Policy-ish

Mental Health Advocates Praise White House Decision On Suicide Condolences

An Army team carries a transfer case containing the remains of Army Pvt. Keiffer P. Wilhelm at Dover Air Force Base, Del., in 2009. The Ohio soldier committed suicide in Iraq after allegedly being harassed by other men in his platoon. i i

hide captionAn Army team carries a transfer case containing the remains of Army Pvt. Keiffer P. Wilhelm at Dover Air Force Base, Del., in 2009. The Ohio soldier committed suicide in Iraq after allegedly being harassed by other men in his platoon.

Steve Ruark/AP
An Army team carries a transfer case containing the remains of Army Pvt. Keiffer P. Wilhelm at Dover Air Force Base, Del., in 2009. The Ohio soldier committed suicide in Iraq after allegedly being harassed by other men in his platoon.

An Army team carries a transfer case containing the remains of Army Pvt. Keiffer P. Wilhelm at Dover Air Force Base, Del., in 2009. The Ohio soldier committed suicide in Iraq after allegedly being harassed by other men in his platoon.

Steve Ruark/AP

The White House has decided to reverse its policy of not sending condolence letters to families of service members who commit suicide while deployed. In a statement, President Obama said he made the decision after an exhaustive study of former policy.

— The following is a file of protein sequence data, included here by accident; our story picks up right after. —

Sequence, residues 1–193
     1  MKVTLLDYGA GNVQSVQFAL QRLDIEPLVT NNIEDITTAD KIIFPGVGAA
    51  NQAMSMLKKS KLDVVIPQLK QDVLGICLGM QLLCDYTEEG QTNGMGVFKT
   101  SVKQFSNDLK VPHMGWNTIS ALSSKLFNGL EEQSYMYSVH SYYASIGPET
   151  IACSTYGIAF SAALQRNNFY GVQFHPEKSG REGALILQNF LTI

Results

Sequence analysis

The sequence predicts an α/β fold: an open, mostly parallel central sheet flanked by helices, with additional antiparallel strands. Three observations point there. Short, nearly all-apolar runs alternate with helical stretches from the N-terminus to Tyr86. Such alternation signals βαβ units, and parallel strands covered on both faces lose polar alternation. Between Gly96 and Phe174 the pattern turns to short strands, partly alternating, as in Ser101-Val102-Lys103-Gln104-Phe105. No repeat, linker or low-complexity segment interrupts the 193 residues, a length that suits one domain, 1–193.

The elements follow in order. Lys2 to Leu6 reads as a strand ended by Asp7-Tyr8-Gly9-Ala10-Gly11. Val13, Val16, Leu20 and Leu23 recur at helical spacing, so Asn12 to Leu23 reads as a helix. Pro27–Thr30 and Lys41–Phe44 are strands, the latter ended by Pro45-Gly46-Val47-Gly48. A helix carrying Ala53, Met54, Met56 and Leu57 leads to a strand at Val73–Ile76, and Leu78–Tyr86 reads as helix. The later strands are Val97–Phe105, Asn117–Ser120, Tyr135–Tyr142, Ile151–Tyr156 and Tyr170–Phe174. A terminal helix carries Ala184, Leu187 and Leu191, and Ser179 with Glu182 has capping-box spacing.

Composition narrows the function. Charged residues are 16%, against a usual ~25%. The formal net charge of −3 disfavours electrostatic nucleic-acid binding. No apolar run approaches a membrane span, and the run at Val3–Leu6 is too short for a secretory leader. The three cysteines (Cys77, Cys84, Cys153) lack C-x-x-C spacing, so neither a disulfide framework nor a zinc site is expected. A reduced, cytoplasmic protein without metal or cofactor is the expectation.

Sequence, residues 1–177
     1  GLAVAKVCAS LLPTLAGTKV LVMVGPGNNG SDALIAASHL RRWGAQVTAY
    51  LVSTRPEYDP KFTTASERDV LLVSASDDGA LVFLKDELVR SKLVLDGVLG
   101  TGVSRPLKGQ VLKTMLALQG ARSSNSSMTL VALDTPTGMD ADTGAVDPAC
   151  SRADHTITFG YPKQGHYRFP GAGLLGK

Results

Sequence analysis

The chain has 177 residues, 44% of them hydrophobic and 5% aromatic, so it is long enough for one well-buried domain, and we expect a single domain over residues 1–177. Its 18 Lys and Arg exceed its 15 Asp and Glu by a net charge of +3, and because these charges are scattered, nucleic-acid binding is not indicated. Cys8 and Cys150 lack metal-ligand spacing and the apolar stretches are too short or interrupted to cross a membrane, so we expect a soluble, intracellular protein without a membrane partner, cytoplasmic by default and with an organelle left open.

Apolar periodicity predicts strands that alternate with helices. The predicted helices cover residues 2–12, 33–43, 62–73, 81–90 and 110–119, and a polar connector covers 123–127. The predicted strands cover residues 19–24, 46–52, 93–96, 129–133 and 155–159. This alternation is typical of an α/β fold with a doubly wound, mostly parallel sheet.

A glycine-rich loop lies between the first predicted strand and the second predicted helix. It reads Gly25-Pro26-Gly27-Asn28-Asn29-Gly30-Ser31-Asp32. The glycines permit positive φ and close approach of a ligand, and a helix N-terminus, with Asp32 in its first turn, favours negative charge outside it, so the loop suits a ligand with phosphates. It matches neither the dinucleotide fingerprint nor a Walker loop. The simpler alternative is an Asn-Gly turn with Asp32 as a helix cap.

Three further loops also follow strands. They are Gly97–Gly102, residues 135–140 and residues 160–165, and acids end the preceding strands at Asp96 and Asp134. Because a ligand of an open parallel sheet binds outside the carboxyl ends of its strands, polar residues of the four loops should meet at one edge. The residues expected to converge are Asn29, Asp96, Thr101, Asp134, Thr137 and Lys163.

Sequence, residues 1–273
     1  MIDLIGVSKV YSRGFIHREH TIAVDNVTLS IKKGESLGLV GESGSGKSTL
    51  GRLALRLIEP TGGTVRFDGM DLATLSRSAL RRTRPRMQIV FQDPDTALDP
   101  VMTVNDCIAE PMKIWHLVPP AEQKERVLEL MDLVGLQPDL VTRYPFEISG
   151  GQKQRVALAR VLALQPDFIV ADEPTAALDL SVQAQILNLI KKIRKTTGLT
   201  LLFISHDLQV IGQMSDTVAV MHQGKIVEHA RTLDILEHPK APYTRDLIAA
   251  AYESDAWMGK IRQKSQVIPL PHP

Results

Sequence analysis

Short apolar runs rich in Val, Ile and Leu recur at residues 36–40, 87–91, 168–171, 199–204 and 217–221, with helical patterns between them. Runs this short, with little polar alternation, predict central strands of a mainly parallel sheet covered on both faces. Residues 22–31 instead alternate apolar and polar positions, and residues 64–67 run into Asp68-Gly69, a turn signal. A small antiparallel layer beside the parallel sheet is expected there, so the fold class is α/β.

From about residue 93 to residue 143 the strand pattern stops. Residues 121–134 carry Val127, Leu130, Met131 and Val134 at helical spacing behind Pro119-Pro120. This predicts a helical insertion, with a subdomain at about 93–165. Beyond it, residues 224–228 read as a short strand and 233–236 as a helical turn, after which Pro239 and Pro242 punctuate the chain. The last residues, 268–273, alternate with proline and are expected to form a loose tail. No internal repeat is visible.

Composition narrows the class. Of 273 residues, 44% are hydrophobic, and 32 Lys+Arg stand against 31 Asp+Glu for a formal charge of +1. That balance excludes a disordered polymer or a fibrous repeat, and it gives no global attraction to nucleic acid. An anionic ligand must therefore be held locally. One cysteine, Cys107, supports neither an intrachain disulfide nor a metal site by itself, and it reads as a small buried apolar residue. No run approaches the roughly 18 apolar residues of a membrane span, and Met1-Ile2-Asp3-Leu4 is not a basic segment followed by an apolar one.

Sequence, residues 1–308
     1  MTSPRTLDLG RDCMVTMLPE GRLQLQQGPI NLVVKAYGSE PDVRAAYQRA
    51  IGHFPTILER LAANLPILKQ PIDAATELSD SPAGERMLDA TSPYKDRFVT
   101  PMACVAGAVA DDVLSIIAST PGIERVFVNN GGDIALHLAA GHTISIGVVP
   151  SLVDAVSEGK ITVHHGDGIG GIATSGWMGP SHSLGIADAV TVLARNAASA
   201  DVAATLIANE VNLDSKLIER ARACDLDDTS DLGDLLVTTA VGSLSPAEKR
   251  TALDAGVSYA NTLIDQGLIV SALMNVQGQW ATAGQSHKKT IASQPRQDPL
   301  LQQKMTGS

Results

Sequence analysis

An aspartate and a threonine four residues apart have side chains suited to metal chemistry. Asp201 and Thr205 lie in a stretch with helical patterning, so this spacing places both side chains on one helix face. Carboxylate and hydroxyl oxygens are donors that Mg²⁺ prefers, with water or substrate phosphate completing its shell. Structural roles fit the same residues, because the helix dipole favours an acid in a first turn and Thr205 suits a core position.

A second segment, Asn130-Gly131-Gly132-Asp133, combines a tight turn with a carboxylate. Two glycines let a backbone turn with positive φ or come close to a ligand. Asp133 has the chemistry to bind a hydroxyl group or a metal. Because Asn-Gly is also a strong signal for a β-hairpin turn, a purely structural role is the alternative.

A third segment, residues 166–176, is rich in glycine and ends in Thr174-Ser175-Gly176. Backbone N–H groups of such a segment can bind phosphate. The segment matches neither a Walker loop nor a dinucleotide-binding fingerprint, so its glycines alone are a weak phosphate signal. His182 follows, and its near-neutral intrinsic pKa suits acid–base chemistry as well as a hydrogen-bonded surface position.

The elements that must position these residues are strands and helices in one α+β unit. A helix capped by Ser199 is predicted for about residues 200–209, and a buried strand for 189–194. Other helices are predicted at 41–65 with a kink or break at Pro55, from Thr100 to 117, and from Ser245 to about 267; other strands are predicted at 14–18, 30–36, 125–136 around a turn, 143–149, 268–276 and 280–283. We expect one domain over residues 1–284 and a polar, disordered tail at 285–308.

"This issue is emotional, painful, and complicated, but these Americans served our nation bravely," President Obama said in the statement. "They didn't die because they were weak. And the fact that they didn't get the help they needed must change."

Mental health advocates and the American Psychiatric Association had pushed for a change in the policy. They argued that it discriminated against people with mental illnesses.

Gen. Peter W. Chiarelli, the Army vice chief of staff, commended the president's decision in another statement. "Every day we have honored those fallen in combat... now, in accordance with our Commander-in-Chief, we will honor all those who have fallen in service to our great Nation," he wrote.

Yesterday, Dr. Michael Blumenfield, past speaker of the assembly of the American Psychiatric Association and a professor emeritus of psychiatry at New York Medical College, told Shots that he thinks the reversal is "terrific," adding:

I know the families of soldiers who have died as result of mental illness or the tramatic events that impacted them. I think those families will be very gratified that their loved ones' service will be recognized by the president.

Mental Health America also lauded the change in policy. David Shern, president and CEO of the group, said in a statement that it's "an important step that can help eliminate the stigma associated with suicide and provide valuable emotional support to families." Mental Health America is one of the groups that had asked the White House to change its course last fall.

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